http://www.euronews.com/ Some news from Cyprus, which sounds uncannily like news from Greece: the country does not have access to the international capital markets and economic reforms are going at a snail’s pace. Cypriot banks are drowning in greek junk bonds. That’s why they need a muti-billion euro lifeline now too…
More new faces are showing up at the soup kitchen in the southern Cypriot city of Limassol, entire families asking the orthodox church for a free meal. The church is warning that some radical new changes are afoot.
Cyprus needs a bailout. The communist ruled EU-member is cash-strapped. Unemployment is on the rise and the economic outlook is gloomy.
Fifty-seven year old Costas is looking for a job. Nothing special: just something, anything.
But instead of blaming the lack of competitiveness of the Cypriot economy, banks for their investment choices, or even the politicians for not having reformed the island’s economy in time, he blames the EU’s free labour market.
Costas Panayi, unemployed, Limassol
“In Cyprus there is a big problem now. Iit is getting worse, because more people come here to eat. They do not have food…300 people and families… and there are no jobs in Cyprus, because of the Europeans that came from Romania, Bulgaria, all over the place – and they take the jobs of the Cypriots.”
But the problem also lies elsewhere: Cyprus suffers from it’s close links to crisis-shaken Greece.
Just nearby the church’s soup kitchen, Cypriots and tourists mingle happily on the Limassol beach.
During the last few decades, the southern part of the still-divided island got used to stunning growth rates and huge cash-inflows from abroad.
But the greek nightmare throws a frightening shadow over the Cypriot paradise.
For more than a year now, Cyprus has been cut off from international capital markets. Double-digit interest rates make it impossible for Cyprus to finance it’s current budget deficit through market condition loans.
The party is over, the orthodox church reminds us and a new reality is beginning to bite.
When the church started the food programme in Limassol in 2003, just a few elderly people showed up. Since then, the number of hungry mouths has multiplied.
Giouli Chatzaki, Social worker, Limassol
“We have a lot of families coming here. The last two years we had a lot more families coming and asking to get some food because it is a free service and the reason is that one or even two of the parents have usually lost their jobs. We have children that can not afford to buy a sandwich or a juice, in the school”.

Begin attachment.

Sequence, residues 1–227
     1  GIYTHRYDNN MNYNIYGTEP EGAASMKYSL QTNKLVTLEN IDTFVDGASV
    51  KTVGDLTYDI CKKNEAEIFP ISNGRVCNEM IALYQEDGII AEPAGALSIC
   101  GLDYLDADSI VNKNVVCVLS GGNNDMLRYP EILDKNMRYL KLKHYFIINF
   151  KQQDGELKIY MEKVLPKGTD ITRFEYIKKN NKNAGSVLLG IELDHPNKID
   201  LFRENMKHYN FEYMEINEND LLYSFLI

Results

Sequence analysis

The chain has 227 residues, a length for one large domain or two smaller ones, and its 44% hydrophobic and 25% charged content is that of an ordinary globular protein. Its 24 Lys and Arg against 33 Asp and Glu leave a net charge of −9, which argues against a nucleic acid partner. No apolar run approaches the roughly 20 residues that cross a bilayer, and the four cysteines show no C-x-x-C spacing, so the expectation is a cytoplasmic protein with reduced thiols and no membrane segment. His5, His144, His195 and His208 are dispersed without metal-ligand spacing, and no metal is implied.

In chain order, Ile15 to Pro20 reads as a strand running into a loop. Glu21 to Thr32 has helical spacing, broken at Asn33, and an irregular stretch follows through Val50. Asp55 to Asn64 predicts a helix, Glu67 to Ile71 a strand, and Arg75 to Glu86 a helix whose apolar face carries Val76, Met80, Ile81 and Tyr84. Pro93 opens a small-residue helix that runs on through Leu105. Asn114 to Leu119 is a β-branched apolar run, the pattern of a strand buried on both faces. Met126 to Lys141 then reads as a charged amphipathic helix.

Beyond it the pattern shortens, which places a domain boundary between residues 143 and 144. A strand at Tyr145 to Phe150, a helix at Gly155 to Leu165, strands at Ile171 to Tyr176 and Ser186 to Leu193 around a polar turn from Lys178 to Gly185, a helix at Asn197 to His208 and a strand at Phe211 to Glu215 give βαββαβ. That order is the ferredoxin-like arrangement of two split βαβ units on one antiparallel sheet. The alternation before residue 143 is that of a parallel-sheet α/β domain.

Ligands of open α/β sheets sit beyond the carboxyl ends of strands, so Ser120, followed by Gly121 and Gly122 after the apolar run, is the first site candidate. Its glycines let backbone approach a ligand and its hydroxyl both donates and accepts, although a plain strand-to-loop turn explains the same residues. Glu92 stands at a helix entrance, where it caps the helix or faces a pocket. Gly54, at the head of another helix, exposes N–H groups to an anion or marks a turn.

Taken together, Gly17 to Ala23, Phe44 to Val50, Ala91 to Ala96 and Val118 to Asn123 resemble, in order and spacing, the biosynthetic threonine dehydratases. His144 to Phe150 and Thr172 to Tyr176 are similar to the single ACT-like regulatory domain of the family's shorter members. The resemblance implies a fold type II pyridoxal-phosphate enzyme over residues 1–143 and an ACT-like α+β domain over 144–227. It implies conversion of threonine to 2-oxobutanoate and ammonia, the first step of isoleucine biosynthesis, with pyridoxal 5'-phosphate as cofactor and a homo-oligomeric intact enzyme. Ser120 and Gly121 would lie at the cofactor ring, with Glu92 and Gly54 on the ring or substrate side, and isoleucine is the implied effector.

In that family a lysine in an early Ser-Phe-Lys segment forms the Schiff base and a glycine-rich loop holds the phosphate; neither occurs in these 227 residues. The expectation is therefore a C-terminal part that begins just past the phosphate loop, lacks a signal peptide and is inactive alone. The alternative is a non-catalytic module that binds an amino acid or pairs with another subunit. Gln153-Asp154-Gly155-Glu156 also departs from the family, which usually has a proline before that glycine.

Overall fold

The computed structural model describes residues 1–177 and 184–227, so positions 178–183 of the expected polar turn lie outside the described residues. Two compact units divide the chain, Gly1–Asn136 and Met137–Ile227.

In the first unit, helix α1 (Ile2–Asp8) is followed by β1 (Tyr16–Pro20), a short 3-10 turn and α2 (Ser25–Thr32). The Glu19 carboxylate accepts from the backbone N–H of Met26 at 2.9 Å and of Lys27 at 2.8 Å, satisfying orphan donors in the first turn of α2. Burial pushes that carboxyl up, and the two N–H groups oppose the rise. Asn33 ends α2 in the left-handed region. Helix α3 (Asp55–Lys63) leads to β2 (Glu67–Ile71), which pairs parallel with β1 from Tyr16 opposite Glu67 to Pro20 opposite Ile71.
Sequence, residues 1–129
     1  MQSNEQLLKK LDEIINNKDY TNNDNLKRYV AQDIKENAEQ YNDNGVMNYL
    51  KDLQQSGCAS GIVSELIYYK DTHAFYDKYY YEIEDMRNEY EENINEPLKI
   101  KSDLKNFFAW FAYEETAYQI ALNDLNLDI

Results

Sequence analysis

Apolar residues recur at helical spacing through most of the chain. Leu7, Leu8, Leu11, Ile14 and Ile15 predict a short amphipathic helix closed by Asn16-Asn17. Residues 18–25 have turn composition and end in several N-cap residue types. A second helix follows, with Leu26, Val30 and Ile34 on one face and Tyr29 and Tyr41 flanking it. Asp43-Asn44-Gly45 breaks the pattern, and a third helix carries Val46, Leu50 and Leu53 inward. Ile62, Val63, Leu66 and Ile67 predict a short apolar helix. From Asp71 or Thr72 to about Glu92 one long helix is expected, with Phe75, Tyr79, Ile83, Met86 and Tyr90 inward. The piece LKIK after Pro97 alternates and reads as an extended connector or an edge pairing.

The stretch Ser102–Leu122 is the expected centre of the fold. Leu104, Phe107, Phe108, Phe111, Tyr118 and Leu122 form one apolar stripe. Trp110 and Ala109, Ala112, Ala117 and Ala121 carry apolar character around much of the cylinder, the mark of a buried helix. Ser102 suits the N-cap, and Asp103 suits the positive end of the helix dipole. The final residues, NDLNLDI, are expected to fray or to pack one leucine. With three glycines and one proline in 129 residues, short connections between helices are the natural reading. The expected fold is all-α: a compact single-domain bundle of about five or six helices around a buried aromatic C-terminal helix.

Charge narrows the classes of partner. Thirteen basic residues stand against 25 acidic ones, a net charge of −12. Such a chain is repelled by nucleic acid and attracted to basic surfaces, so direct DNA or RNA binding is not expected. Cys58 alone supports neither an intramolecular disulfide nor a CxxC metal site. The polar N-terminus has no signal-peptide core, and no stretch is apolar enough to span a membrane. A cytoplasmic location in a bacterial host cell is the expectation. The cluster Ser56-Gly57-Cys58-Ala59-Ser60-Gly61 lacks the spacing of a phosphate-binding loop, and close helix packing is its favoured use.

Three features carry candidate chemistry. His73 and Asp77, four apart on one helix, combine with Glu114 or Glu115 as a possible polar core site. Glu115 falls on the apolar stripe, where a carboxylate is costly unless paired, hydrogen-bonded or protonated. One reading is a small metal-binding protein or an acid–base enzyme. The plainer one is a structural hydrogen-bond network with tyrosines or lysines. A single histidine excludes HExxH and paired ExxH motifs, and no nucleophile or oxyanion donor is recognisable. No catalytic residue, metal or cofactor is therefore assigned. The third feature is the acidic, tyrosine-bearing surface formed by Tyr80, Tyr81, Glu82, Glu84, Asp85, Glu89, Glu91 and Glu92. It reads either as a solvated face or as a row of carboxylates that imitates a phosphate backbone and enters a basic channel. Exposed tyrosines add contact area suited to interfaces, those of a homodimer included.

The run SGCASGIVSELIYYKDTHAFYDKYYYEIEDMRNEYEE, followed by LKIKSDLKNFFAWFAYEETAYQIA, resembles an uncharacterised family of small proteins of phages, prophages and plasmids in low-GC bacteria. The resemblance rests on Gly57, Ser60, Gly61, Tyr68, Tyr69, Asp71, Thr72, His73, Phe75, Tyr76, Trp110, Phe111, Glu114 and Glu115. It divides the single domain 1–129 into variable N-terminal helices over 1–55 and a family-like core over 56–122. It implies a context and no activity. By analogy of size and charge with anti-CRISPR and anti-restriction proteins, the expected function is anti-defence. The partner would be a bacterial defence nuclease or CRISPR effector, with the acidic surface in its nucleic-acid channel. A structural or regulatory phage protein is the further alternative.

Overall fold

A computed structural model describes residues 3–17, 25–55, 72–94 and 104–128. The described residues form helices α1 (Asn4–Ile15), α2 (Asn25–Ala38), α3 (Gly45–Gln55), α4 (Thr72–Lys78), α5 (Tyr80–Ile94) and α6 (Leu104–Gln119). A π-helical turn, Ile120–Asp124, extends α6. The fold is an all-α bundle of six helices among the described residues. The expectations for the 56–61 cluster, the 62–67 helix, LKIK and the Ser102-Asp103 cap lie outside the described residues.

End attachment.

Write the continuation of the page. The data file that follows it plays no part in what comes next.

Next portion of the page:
Cyprus may need a bailout that is more than half the size of its 17 billion euro economy.
The employment agency in Nicosia is crowded. The jobless rate just climbed over ten percent. Compared to Greece, it’s low. But for Cyprus, that’s extraordinarily high. For the last two years, twenty-eight old, highly qualified Andreas has been unemployed. Now he wants to leave.
Andreas Polycarpou, Unemployed, Nicosia
“If I were lucky, I would find a job in the rest of Europe, maybe in Germany, in France, maybe. Or I am looking for a job in Australia or Canada, but they want a visa for those countries and it is not easy to get a visa now”.
In Europe, youth unemployment is highest in Greece at fifty-three percent. Cyprus lies at twenty-nine percent, while Germany enjoys Europe’s lowest youth unemployment rate with just eight percent. The EU average is twenty-two percent.
Twenty-seven year old Yianna studied graphic design and downscaled her career hopes, but couldn’t even land a secretarial job. Her mother has been unemployed for two years and her father – who worked in the construction sector – is jobhunting too.
Yianna Philippou, Unemployed, Nicosia
“I’ve been looking for a job for six months now. All my friends are in exactly the same situation as I am, they can not find anything at all. Because of the crisis, I got fired by a company that had to close down one of it’s three shops”.
Cypriot banks’ balance sheets are suffering under the weight of bad Greek debt. An estimated twenty-three billion euros were channeled from Cyprus to Greece, hence the need for urgent recapitalisation.
Cyprus’ three biggest banks are exposed to the tune of fourty-two percent, seventeen percent and thirty-four percent respectively, with regard to Hellenic debt.
When investors agreed last year to what is called a “greek haircut”, it wasn’t just hair they lost.
This is especially true for the Cypriot banks that bought up Greek junk bonds. They lost three quarters of their value due to that “haircut agreement”.
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